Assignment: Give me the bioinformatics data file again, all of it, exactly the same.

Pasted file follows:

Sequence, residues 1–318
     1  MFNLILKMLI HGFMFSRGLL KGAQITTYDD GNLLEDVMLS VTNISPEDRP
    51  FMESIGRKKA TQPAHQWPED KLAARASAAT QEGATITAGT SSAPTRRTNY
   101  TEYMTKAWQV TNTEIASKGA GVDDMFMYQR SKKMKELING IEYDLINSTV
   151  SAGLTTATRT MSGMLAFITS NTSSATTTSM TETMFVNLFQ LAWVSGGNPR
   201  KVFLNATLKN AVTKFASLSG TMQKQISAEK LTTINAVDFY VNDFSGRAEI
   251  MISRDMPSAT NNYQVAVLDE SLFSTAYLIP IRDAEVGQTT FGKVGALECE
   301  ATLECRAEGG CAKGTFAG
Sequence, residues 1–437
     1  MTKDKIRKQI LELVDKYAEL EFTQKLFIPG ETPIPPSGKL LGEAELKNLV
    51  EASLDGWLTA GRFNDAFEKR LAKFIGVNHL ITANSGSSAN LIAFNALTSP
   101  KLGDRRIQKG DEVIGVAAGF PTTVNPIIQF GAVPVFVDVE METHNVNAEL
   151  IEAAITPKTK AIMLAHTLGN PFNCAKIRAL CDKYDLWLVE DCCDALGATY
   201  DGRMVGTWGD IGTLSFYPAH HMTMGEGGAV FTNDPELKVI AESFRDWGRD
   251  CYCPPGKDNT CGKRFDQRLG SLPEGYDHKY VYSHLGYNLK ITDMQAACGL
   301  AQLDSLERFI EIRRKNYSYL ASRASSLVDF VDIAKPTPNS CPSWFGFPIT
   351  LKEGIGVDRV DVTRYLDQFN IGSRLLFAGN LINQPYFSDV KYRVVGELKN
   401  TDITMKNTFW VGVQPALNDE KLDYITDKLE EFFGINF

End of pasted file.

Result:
Sequence, residues 1–318
     1  MFNLILKMLI HGFMFSRGLL KGAQITTYDD GNLLEDVMLS VTNISPEDRP
    51  FMESIGRKKA TQPAHQWPED KLAARASAAT QEGATITAGT SSAPTRRTNY
   101  TEYMTKAWQV TNTEIASKGA GVDDMFMYQR SKKMKELING IEYDLINSTV
   151  SAGLTTATRT MSGMLAFITS NTSSATTTSM TETMFVNLFQ LAWVSGGNPR
   201  KVFLNATLKN AVTKFASLSG TMQKQISAEK LTTINAVDFY VNDFSGRAEI
   251  MISRDMPSAT NNYQVAVLDE SLFSTAYLIP IRDAEVGQTT FGKVGALECE
   301  ATLECRAEGG CAKGTFAG
Sequence, residues 1–437
     1  MTKDKIRKQI LELVDKYAEL EFTQKLFIPG ETPIPPSGKL LGEAELKNLV
    51  EASLDGWLTA GRFNDAFEKR LAKFIGVNHL ITANSGSSAN LIAFNALTSP
   101  KLGDRRIQKG DEVIGVAAGF PTTVNPIIQF GAVPVFVDVE METHNVNAEL
   151  IEAAITPKTK AIMLAHTLGN PFNCAKIRAL CDKYDLWLVE DCCDALGATY
   201  DGRMVGTWGD IGTLSFYPAH HMTMGEGGAV FTNDPELKVI AESFRDWGRD
   251  CYCPPGKDNT CGKRFDQRLG SLPEGYDHKY VYSHLGYNLK ITDMQAACGL
   301  AQLDSLERFI EIRRKNYSYL ASRASSLVDF VDIAKPTPNS CPSWFGFPIT
   351  LKEGIGVDRV DVTRYLDQFN IGSRLLFAGN LINQPYFSDV KYRVVGELKN
   401  TDITMKNTFW VGVQPALNDE KLDYITDKLE EFFGINF